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Russian President Vladimir Putin enters a hall to meet with Russia's medal-winning athletes of the Beijing 2022 Winter Olympic Games and members of the country's Paralympic team at the Kremlin in Moscow on April 26.NATALIA KOLESNIKOVA/AFP/Getty Images

After Joe Biden told a crowd in Warsaw last month that Russian President Vladimir Putin “cannot remain in power,” White House officials scrambled to walk back a comment that many observers just chalked up to the U.S. President’s well-known tendency for verbal gaffes.

“We do not have a strategy of regime change in Russia, or anywhere else, for that matter,” Secretary of State Antony Blinken insisted after Mr. Biden’s March 26 speech in the Polish capital.

“The U.S. does not have a policy of regime change in Russia. Full stop,” Julianne Smith, the U.S. ambassador to the North Atlantic Treaty Organization, told CNN on the same day.

Those denials did not halt speculation about the Biden administration’s ultimate goals as it stepped up economic and military aid to the Ukrainian government a month after Mr. Putin launched a full-scale invasion of the country. Mr. Biden’s predecessors, Barack Obama and Donald Trump, had avoided confrontation with Mr. Putin; Mr. Biden, it seemed, had come to understand that the United States could no longer abide by such a risk-averse strategy.

To be sure, Mr. Biden insisted from the outset of the conflict that he would never send U.S. troops to fight in Ukraine or impose a no-fly zone over the country, warning that such direct U.S. or NATO intervention could lead to a third world war. But it has become clear that the U.S. President sees the conflict as a now-or-never moment to permanently neutralize Mr. Putin.

“We want to see Russia weakened to the degree that it can’t do the kinds of things that it has done in invading Ukraine,” U.S. Defence Secretary Lloyd Austin said on Sunday during a trip to Kyiv with Mr. Blinken. “It has already lost a lot of military capability, and a lot of its troops, quite frankly. And we want to see them not have the capability to very quickly rebuild that capability.”

Mr. Blinken, for his part, added that a “sovereign, independent Ukraine will be around a lot longer than Vladimir Putin is around.”

He would not have likely made that comment if he did not believe it. After all, in 2012, as then-vice-president Joe Biden’s national security adviser, he had warned that “superpowers don’t bluff” in Situation Room meetings around Syria’s civil war after Mr. Obama had drawn a “red line” on the use of chemical weapons by Syrian President Bashar al-Assad. Mr. Obama’s failure to follow through with his threat weakened U.S. credibility among friends and foes alike.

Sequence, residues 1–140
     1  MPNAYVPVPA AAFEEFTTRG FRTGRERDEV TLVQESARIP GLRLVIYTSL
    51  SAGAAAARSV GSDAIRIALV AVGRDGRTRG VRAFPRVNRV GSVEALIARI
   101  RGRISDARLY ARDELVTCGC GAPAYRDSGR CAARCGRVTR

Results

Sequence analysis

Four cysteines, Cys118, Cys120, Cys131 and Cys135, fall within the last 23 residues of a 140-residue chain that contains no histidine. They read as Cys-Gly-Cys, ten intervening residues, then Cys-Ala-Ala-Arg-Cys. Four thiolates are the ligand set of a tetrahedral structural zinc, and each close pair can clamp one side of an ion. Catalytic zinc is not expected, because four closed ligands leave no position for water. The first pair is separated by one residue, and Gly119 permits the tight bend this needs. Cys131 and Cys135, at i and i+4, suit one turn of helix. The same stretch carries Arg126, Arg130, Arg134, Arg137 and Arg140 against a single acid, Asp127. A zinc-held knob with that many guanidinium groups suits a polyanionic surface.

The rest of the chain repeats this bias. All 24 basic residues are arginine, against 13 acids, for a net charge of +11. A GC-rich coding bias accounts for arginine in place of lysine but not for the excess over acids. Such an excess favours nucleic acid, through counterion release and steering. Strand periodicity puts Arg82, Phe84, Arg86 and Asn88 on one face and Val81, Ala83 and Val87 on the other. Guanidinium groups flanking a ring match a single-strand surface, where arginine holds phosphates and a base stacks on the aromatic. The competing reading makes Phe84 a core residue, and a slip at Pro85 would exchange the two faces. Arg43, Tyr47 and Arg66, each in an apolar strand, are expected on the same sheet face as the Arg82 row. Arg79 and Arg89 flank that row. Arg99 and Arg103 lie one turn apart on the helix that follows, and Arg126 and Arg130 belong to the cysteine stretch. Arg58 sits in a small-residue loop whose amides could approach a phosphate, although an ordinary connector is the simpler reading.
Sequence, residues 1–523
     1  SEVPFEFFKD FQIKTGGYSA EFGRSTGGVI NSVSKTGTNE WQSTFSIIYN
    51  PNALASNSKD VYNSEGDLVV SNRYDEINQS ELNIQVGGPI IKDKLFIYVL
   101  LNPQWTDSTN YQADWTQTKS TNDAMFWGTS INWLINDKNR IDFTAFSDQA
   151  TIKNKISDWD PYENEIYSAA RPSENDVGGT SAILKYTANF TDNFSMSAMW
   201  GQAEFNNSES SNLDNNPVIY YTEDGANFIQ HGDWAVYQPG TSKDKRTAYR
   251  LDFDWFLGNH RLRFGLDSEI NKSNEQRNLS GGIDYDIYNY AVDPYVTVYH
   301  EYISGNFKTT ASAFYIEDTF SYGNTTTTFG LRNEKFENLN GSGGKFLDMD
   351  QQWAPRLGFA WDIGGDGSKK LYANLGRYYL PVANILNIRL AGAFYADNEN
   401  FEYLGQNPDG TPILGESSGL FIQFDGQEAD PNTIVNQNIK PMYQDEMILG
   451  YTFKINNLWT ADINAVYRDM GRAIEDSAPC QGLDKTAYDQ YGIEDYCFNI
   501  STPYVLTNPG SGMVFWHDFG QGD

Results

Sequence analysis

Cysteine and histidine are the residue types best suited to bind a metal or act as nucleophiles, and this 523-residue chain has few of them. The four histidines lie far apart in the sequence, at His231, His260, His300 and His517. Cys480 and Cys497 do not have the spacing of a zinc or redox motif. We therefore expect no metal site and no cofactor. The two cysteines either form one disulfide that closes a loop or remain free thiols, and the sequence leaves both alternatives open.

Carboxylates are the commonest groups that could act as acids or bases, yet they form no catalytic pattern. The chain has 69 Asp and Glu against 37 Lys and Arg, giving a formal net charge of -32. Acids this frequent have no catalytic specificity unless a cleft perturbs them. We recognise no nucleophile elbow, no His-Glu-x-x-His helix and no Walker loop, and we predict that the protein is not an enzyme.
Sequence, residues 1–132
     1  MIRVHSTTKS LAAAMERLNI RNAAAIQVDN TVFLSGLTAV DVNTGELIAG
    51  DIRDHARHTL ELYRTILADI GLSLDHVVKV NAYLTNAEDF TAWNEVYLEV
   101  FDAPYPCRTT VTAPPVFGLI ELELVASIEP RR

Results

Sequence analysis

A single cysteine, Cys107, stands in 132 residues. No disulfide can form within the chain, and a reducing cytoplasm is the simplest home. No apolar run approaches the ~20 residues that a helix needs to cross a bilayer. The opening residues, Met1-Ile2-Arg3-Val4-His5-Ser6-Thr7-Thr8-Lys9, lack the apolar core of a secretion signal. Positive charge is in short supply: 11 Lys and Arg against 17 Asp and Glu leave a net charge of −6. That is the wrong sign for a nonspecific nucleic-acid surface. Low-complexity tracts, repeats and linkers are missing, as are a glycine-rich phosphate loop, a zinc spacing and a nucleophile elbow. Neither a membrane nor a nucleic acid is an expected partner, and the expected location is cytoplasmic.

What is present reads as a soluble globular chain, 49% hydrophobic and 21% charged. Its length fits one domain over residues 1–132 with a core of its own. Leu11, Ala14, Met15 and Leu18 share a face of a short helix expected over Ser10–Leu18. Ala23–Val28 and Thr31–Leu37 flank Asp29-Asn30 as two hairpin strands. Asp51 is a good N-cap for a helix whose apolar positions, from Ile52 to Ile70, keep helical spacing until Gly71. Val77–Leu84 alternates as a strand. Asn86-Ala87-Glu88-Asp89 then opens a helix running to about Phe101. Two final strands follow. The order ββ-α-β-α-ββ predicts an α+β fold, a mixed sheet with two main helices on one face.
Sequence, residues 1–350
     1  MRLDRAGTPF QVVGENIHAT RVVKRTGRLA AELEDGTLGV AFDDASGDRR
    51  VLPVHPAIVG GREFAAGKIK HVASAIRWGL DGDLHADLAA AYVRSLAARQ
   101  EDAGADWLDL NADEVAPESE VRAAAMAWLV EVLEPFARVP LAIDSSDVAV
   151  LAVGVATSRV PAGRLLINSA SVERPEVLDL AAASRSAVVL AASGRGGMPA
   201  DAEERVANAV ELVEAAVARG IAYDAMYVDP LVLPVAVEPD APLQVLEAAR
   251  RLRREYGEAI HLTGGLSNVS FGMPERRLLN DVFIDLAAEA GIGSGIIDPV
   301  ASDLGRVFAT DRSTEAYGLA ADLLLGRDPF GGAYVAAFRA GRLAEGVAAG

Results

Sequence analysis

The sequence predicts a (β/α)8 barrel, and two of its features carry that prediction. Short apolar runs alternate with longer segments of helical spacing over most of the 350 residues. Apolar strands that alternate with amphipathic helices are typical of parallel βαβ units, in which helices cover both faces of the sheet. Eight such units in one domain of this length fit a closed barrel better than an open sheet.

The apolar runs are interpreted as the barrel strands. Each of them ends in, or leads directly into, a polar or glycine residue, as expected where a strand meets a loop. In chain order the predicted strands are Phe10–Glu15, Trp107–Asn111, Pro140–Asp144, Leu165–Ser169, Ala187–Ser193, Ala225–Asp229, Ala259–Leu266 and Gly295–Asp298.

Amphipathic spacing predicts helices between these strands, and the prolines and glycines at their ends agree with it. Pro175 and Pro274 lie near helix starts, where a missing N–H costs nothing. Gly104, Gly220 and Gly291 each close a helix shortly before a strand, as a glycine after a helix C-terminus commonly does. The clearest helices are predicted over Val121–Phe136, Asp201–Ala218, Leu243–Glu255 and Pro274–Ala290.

Indeed, it emboldened Mr. Putin, who moved to prop up Mr. al-Assad’s army with military aid before sending Russian troops into Syria in 2015. That followed Mr. Putin’s annexation of Crimea in 2014. The Obama administration also rejected calls to send arms to Ukraine as it fought Russian-backed separatist militants in the Donbas region, arguing the move would put the U.S. in direct conflict with Moscow.

That decision might have been overturned if Hillary Clinton had won the 2016 presidential election. Instead, Mr. Trump – who won a race in which the Russians interfered, according to U.S. intelligence agencies – showed even more indulgence toward the Russian President’s aggression abroad. Under pressure from the Pentagon and Congress, Mr. Trump did agree, in 2017, to sell Javelin anti-tank missiles to Ukraine. But he showed little interest in Ukraine beyond that until he attempted, in 2019, to get President Volodymyr Zelensky to launch an investigation into the business dealings of Mr. Biden’s son. That incident led to Mr. Trump’s first impeachment.

Mr. Putin appears to have believed that Mr. Biden would continue the same hands-off policy as his predecessors. His Feb. 24 invasion of Ukraine, however, was met with both heroic and unexpected resistance by Ukrainians themselves and by U.S. resolve to punish Mr. Putin for his aggression. While economic sanctions aim to strangle Russia financially, it may be the U.S.’s ban on high-technology exports that ultimately undermines Mr. Putin’s imperialist ambitions.

The Russian military has already experienced massive losses in Ukraine, losing as many as 20,000 soldiers and incalculable quantities of equipment. Mr. Austin’s reference to efforts to prevent Russia from rebuilding that capacity – in part by cutting off the supply of the computer chips and other sophisticated technology required to run a modern military – suggests a U.S. strategy aimed at gradually sapping Mr. Putin’s ability to wage war.

The big risk is that a desperate Mr. Putin is pushed to the brink, and resorts to using chemical or tactical nuclear weapons in Ukraine. The Russian President already sees the U.S.’s military aid to Ukraine, which dwarfs that of all other Western countries, as a direct intervention in the war.

But inaction by his predecessors in the White House has left Mr. Biden with no choice.

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